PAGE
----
Ok, here’s the obligatory Game of Thrones joke: Winter is not coming. Winter has come and will soon be gone.

Right. Now let’s never mention this again. On to the main event.

Picture this: tropical weather, verdant green as far as the eye can see and a gin and tonic.

Sounds good?

Ah, but there’s something missing from the picture. A book. Or two. Or three.

And I know you are scratching your heads and wondering why I am going on about tropical weather when we are almost done with winter and are about to take on spring here in Australia – but I flew north for the winter to sunnier climes. And limes. In my gin and tonic.

But I had no books. And so on my return I was most anxious to see what you turned up that would be perfect to dip into and read in short, sharp bursts in between either cuddling in front of the heater (or fireplace if you are in Tasmania and/or are allowed to burn wood) or sunbathing on the sand. Ah, the pursuit of warmth and something to engage the mind.

I digress. You found me four collections of poetry buried in the sand and fellow adventurer Sean the Bookonaut, ever trusty spade in hand, dug up two of them for us: Thread me a Button edited by Jude Aquilina and Joan Fenney and The Duties of a Cat by Jenny Blackford.

Of the former, Sean states that it was a fantastic idea not just to create a collection of poetry around the concept of buttons but to leave the authors anonymous till the last page so that you could just enjoy the poetry itself, which he commends as very accessible and engaging. I, for one agree that it is an absolute point of fun to have a collection themed around an object and I would like to see more of the same (editors, please take note). Throw out your suggestions for themes in the comments, sartorial or otherwise. It will be interesting to see what poets come up with.

With the latter, well let me tell you, the title alone makes me want to re-negotiate household rules with my moggie – I was unaware that cats had duties. They are cats. It seems odd that they should be coupled with the concept of duty (though I admit mine gets treats for declaring war on cockroaches) but Sean reassures us that the titular poem is a bit tongue in cheek. He also, however, admits his bias in recommending this work as he is a cat lover (ok, who on the internet and in the literary world, isn’t?) so perhaps what we need now is one of you lovely readers, fervently on the side of all things canine, to have a read and let us know what the verdict is (though preferably not in the form of a hairball).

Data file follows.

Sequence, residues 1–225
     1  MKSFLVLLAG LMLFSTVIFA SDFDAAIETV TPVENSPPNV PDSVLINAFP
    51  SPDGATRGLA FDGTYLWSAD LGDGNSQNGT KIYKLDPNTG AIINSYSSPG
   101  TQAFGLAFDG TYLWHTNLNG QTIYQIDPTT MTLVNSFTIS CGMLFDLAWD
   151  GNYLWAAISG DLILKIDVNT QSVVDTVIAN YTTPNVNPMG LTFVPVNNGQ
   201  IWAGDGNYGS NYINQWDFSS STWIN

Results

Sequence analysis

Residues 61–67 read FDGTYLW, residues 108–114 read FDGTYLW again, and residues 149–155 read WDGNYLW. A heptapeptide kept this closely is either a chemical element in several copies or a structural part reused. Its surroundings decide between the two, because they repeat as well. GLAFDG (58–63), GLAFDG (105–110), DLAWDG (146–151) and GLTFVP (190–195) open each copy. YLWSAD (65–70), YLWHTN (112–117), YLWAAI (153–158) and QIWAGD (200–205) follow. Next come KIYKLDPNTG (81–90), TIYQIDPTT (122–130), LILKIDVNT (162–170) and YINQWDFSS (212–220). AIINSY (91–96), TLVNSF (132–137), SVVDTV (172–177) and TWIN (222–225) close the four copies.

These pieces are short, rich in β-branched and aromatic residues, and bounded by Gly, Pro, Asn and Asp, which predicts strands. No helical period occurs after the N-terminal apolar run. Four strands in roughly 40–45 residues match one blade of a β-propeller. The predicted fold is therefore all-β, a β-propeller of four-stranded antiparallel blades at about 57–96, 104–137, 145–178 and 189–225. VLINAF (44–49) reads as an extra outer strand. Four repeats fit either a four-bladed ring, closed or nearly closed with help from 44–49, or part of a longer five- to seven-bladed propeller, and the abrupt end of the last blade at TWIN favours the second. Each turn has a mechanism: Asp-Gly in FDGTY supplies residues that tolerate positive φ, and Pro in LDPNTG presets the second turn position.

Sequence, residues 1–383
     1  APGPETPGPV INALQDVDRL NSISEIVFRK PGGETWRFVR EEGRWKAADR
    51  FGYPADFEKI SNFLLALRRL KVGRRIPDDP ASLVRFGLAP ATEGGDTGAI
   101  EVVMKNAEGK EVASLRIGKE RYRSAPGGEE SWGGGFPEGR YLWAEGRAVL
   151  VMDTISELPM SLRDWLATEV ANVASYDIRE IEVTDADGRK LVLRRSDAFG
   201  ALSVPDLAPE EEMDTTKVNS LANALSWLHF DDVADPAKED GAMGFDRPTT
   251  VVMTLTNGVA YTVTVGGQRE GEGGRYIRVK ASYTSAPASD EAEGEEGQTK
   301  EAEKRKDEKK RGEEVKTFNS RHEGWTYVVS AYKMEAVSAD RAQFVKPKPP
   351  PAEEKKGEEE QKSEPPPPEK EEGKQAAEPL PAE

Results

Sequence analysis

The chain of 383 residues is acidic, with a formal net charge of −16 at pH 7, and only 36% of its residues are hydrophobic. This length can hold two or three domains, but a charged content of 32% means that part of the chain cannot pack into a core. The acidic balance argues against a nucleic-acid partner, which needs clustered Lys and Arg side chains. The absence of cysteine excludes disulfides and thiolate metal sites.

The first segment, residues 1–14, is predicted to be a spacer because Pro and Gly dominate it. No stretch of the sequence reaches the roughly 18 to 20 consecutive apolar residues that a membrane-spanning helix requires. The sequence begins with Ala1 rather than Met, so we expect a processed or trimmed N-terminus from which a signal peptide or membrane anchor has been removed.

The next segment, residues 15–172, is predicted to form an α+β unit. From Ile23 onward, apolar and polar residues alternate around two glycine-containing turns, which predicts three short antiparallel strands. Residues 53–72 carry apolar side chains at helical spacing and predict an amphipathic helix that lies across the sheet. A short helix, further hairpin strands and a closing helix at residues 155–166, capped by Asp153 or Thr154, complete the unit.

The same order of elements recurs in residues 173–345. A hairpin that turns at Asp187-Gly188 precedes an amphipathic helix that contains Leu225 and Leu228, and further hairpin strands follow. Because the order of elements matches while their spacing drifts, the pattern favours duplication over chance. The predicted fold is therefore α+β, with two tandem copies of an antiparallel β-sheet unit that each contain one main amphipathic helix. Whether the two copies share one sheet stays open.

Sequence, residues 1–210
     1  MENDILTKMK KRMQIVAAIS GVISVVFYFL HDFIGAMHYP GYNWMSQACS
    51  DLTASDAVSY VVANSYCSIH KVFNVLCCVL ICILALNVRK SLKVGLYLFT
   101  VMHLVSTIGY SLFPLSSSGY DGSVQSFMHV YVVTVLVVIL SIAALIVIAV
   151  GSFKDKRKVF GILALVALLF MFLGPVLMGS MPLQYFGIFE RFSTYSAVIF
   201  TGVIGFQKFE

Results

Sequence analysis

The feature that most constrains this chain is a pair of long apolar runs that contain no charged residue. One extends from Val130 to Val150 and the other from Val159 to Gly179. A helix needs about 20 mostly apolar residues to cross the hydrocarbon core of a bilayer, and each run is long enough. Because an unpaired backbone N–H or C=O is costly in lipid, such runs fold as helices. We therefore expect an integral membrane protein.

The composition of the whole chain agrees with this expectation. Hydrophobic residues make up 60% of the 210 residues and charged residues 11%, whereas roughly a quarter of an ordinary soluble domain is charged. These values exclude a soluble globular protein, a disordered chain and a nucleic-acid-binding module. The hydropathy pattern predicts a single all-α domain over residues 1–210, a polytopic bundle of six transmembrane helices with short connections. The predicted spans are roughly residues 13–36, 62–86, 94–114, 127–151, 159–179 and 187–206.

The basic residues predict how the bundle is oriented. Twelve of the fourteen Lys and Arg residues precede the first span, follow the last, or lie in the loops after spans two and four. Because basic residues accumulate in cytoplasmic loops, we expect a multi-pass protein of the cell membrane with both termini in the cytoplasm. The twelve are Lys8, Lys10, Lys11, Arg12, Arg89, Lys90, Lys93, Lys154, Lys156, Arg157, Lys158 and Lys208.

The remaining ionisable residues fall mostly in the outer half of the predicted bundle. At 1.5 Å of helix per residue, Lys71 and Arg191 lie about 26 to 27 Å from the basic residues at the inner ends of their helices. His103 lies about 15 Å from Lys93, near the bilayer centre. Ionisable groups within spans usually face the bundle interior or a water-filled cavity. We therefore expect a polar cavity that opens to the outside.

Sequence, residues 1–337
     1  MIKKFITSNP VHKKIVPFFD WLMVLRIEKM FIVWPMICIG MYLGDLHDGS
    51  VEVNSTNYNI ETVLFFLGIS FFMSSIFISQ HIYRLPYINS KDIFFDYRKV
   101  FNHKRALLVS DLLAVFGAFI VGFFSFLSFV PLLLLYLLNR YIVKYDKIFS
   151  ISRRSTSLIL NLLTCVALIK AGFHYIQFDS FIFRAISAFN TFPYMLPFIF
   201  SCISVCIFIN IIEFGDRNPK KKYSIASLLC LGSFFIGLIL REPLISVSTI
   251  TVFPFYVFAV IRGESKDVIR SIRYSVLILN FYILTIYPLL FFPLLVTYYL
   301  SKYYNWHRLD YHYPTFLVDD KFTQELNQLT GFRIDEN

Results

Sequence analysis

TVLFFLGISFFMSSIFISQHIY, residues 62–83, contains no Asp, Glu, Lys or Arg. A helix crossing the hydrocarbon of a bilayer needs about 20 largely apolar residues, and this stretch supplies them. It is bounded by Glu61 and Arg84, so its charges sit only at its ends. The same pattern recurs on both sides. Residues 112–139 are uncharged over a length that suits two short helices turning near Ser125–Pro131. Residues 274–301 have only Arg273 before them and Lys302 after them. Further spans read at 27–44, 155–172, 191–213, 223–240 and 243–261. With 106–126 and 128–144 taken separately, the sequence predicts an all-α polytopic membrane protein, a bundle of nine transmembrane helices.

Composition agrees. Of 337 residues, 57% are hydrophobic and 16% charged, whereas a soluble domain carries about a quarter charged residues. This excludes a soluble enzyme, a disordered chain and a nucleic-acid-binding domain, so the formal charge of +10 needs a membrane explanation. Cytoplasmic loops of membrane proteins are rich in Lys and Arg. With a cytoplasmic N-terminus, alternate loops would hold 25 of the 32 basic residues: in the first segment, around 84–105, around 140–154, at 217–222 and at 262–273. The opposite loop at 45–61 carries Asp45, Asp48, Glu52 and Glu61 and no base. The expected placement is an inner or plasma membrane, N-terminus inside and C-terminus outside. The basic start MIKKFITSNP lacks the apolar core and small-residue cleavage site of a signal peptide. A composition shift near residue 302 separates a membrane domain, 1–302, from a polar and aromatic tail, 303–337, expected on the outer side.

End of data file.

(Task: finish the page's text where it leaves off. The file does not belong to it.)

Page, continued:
See? Journalism work and crowdsourcing at it’s finest, right there.

Onto the next treasure in the sand: The Sunlit Zone by Lisa Jacobson has resurfaced amongst the lovely nutritious kelp and driftwood after a little paddle out to sea, coming right back in with the backswash and was reviewed by S’hi D’Amour, who totally and completely coincidentally thinks Lisa Jacobson is a national Aussie treasure herself. You may remember that The Sunlit Zone first meandered out from the dunes onto the beach during the actual Australian summer of 2013-14. S’hi D’Amour tells us that The Sunlit Zone is a metaphor for connection or rather our fear in connecting to one another, in having to accept that we get both joy in doing so and yet open ourselves up to pain as well and most of all in having to accept that we often need to learn to let go.

Somebody’s thrown a party on the beach. The last poetry collection for these past two months is Lupa and Lamb by Susan Hawthorne, reviewed by Marilyn. And it has a bit of everything – back in Ancient Rome, the Empress (yes, probably that Empress) has thrown a party which the Curatrix (female museum curator) is organising and on the guest list are women from across the world but also from across time (so clearly one of the Doctor’s companions has been arm wrestled into providing transportation). Some have descended from ethereal planes to attend. And as the women gather they talk, they laugh, they do what women usually do at such gatherings and the story is told through a series of poems. It’s serious and funny, riotous, freewheeling and not at all rooted in historical fact but rather merely attached to it slightly and I think you will understand what I mean when Marilyn tells us that the foreword by Monique Wittig asks women to remember a time when they were strong and happy and if they cannot remember one, to invent it.